That’s livin’.

Poire-a-rita, chips, guac

Photo by Jennifer Hess.

  • 2 oz. tequila
  • 1 oz. fresh lime juice
  • ¾ oz. pear liqueur (I used Mathilde)

Technique: Shake over ice and strain into a chilled cocktail glass, or use twice the ingredients, as I did, and strain into an ice-filled Old Fashioned glass.

Choke Artist

I’ve been in the weeds lately, starting a new job and finishing several freelance projects. Although we’ve certainly enjoyed our nightly aperitifs, I’ve had little time for anything more than old stand-bys, like Martinis and Old Fashioneds.

But things are calming down finally, so it’s time again for research and experimentation. To that end, I delved back into a book that I bought a few months ago but haven’t taken time to review: The Art of the Bar. In flipping through it, I found a flavor combination that really surprised me–Cynar, tequila, and sherry–in a drink aptly named Choke Artist.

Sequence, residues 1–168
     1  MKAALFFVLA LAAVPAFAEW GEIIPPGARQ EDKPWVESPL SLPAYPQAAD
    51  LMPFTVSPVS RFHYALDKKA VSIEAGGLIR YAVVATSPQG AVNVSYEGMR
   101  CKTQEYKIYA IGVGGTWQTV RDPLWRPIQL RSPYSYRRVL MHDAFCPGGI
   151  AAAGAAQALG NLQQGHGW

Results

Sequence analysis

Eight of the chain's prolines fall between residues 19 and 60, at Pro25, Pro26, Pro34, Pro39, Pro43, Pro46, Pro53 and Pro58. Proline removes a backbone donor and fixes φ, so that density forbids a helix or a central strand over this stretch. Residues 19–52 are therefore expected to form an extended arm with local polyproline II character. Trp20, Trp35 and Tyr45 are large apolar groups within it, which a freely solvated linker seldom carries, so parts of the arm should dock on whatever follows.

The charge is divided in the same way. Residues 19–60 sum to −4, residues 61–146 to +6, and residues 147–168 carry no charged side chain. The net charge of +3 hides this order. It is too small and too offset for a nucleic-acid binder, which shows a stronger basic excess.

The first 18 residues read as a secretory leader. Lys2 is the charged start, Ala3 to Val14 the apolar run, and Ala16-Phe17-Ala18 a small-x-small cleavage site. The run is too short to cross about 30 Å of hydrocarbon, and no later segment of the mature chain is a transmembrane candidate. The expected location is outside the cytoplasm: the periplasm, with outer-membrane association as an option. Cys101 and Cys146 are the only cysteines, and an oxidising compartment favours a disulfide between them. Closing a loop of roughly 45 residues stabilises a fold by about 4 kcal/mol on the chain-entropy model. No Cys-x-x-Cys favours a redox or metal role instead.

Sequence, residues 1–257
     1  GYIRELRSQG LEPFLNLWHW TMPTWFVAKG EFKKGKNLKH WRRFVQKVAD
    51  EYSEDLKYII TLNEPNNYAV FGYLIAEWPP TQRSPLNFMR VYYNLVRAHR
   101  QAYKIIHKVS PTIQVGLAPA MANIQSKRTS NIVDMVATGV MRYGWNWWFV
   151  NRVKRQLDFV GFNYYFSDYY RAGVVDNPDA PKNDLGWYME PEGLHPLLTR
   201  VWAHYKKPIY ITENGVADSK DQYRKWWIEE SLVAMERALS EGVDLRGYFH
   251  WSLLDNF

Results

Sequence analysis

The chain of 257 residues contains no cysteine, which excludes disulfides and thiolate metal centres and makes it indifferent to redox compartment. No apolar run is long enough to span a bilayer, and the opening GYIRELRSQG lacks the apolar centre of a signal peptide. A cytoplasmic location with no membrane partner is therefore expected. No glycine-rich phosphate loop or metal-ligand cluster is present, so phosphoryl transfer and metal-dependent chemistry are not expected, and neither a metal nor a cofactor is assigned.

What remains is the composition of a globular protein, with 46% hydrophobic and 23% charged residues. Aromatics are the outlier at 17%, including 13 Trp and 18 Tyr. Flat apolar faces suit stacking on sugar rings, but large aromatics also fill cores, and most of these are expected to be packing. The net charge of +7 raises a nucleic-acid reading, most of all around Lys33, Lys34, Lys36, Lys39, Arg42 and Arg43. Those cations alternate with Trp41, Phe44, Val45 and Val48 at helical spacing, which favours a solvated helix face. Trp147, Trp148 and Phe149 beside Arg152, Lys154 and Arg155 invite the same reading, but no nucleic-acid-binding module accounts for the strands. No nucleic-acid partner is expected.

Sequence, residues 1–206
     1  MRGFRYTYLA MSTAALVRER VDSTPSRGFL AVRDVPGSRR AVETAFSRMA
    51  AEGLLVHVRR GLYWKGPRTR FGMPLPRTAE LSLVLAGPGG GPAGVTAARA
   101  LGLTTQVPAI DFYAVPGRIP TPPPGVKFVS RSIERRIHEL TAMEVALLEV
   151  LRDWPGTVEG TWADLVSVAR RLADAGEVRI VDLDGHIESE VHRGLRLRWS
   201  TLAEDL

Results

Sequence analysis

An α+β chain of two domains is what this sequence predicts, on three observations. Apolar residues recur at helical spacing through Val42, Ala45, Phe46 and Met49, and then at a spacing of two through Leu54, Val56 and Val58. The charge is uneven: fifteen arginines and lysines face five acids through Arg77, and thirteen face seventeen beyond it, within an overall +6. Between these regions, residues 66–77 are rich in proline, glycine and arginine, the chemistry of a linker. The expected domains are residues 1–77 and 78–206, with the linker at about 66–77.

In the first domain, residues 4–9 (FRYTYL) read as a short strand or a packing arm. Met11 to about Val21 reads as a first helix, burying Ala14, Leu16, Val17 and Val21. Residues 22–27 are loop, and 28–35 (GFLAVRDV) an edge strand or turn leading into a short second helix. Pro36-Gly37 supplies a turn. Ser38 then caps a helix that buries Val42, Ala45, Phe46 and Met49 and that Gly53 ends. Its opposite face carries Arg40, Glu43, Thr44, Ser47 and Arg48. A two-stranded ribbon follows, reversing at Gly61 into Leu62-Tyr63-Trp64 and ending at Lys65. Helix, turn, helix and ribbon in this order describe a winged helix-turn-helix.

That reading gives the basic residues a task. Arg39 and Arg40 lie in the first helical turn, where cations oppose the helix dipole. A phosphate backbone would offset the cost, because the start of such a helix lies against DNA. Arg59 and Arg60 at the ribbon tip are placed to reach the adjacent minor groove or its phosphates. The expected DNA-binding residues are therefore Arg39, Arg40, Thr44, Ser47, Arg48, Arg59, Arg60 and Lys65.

Choke Artist

photograph by Jennifer Hess

Here’s why I’m no professional: I’d have never thought to match up these ingredients. But this drink just works. It’s the very definition of a well-balanced drink–everything’s present and notable, but nothing dominates. You can learn a lot about mixing from this drink.

It reminds me a lot of those friendships we’ve all been a part of, where two strong personalities need a third, more laid-back, person to mediate the differences and smooth things out for everyone. That’s the role of the sherry here.

Finally, the bitters. Even with five dashes’ worth, they’re subtle.

But you should not be subtle. Instead, be fearless. Try it.

Choke Artist

from The Art of the Bar, by Jeff Hollinger and Rob Schwartz

  • 1 ounce Cynar
  • 1 ounce Gran Centenario Anejo tequila (I used Tequila Espolon Reposado, which I had on hand)
  • ½ ounce fino sherry
  • 5 dashes Regan’s Orange Bitters No. 6
  • Extra-wide orange twist for garnish